Yiddish Song


Yiddish Song: “It is a garden with many trees, a book with various chapters, a palace with numerous rooms.” Elie Wiesel

At its simplest definition, a Yiddish song is a song written in the Yiddish language. Yet it is more than that, for “Yiddish” describes not only a language, but a culture – the culture of the Ashkenazi Jews. As you explore Yiddish song, you will find songs about ordinary life – love, loss, poverty; humorous and satirical songs; songs of resistance and politics; songs of the Holocaust; songs for performance; songs of emigration; songs from the New World; songs from the stage and concert hall; and indeed, modern songs, including some from Eastern Europe. These songs have an immediate appeal, an emotional depth, and at the same time a connection to the history of a people. Outside limited circles, the majority of the Yiddish song repertoire is, sadly, relatively little known. Kleznorth gives us the opportunity to spread the word – and the tunes!

A Quick Guide

  • Yiddish is the historic common language of the Eastern European (Ashkenazi) Jews. It was primarily used in everyday life, whereas Hebrew was the traditional language of religious life.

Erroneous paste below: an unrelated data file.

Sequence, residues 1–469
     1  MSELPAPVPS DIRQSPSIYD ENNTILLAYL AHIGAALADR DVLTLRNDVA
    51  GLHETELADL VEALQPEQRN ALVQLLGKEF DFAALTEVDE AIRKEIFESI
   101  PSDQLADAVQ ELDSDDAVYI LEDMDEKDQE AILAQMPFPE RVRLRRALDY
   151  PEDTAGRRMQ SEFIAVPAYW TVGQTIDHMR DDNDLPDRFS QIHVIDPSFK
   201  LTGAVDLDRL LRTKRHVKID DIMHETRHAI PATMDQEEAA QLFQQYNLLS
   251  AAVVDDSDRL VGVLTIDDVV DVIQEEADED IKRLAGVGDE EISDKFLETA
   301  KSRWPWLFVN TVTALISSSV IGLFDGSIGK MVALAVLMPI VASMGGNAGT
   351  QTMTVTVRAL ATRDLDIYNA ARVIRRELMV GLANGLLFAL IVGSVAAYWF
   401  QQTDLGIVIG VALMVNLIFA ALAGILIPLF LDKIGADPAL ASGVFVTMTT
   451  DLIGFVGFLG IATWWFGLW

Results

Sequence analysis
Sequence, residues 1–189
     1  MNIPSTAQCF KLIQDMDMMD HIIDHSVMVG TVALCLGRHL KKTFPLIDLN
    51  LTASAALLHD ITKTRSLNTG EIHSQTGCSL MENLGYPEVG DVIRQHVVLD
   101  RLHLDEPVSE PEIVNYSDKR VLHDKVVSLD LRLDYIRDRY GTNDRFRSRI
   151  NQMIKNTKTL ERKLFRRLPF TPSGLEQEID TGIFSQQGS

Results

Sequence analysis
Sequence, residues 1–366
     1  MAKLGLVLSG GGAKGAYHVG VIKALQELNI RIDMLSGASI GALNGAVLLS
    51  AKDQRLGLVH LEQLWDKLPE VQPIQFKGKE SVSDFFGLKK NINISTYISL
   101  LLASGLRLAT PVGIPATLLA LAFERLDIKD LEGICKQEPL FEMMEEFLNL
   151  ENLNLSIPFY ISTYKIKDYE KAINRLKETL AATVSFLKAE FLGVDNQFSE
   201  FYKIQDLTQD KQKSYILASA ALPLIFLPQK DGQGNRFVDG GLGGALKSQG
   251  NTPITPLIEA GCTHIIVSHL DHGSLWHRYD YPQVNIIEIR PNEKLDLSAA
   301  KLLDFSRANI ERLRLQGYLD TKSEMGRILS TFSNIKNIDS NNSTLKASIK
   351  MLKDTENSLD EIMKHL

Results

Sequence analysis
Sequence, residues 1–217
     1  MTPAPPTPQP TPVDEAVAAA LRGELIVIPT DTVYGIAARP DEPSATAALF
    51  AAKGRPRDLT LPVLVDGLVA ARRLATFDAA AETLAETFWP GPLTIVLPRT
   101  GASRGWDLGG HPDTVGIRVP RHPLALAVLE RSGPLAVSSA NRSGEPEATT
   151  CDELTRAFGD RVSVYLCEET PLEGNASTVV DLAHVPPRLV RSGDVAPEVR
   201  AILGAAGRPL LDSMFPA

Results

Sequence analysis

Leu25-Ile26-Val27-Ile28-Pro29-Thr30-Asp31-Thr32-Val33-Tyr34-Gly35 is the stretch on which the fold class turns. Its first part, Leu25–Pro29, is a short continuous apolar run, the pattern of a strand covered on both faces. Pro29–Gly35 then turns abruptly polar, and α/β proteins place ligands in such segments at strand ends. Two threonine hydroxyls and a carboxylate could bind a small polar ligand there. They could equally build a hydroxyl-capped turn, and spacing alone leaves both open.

• The majority of Yiddish words come from early German, with additional words from Hebrew and Slavic languages: as Jewish people moved and lived in different areas, so some words were also absorbed in the culture (as were dances, songs and tunes).
  • Yiddish is written in Hebrew script, reading right to left. However the songs that will be sung at Kleznorth will be presented in transliteration. We will mostly use the Standard Yiddish model of transliteration (“YIVO”), but where you access songs from other sources, you are likely to come upon variations, including Germanic and Russian forms. (This can cause a little confusion.)
  • There are 3 main dialects in Yiddish – not surprising given the wide area of Northern Europe joined by this single language, and given the range of other languages Jewish people in these areas will have spoken.
  • Remember that the transliteration is phonetic – once you have learned the conventions, it is written as it sounds.

If you want to find out more about Yiddish, the YIVO website has an excellent paper, “Basic Facts About Yiddish”

Guide to Yiddish pronunciation